-- David Polizzi, Associate Professor, Department of Criminology & Criminal Justice, Indiana State University,
"Anyone who loves used and rare books has stories to tell about discovering gems in unlikely places. These tales become badges of honor for bibliophiles and no-one has more stories of literary discoveries than booksellers."
Mita Choudhury, Professor of History at Vassar College, discusses her book The Wanton Jesuit and the Wayward Saint: A Tale of Sex, Religion and Politics in Eighteenth-Century France, published by Pennsylvania University Press in 2015.
“Students of eighteenth-century France have long been aware of the importance of the Cadière affair. Fortunately, the case has now found its historian. Mita Choudhury, a leading expert on the politics of theological conflict in Old Regime France, has given us a rich account of the scandalous provincial encounter in the early 1730s that resounded all the way to the halls of Versailles and the Sorbonne.”—Jeffrey S. Ravel, Massachusetts Institute of Technology 52:54 minutes. Listen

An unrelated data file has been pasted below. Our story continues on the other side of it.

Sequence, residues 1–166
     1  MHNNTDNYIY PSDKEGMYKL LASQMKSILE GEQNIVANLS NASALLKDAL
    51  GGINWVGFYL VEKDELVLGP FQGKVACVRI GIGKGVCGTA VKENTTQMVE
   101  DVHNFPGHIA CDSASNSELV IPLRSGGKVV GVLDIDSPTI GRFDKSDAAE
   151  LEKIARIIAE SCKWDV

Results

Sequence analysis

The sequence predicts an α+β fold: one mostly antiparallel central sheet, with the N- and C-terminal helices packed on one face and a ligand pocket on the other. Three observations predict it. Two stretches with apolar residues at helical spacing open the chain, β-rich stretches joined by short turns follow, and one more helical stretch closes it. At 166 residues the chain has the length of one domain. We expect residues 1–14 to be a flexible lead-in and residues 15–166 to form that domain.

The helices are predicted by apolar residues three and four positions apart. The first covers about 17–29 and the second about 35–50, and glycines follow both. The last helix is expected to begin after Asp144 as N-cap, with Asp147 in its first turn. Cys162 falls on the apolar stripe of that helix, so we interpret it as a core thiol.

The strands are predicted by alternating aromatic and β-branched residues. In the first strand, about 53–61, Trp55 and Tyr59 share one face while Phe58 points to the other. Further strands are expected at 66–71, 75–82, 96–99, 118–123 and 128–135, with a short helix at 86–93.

Irving Ramsey Wiles, American, 1861-1948, Girl Writing, oil on canvas.. Gift of Ruth Scherm, VC class of 1945
March 2, 2016.
James Mundy (VC'74), Anne Hendricks Bass Director of the Frances Lehman Loeb Art Center, talks about the Exhibit "American Stories 1800-1950" on view at the Center January 29 - April 17, 2016.
"The founding strength of the art museum at Vassar College in 1864 was its American paintings. That collection has grown greatly over the years with the result that a number of the works by major American painters are seldom seen. This exhibition will explore some of the American riches found in storage and will feature key works of the nineteenth and early twentieth centuries housed in the Art Center's vault. Among the artists featured are John Singleton Copley, Benjamin West, Sanford Gifford, George Inness, William Merritt Chase, Maxfield Parrish, Arthur B. Davies, Robert Henri, Ernest Lawson, Arthur Dove, Georgia O’Keeffe, and Ben Shahn."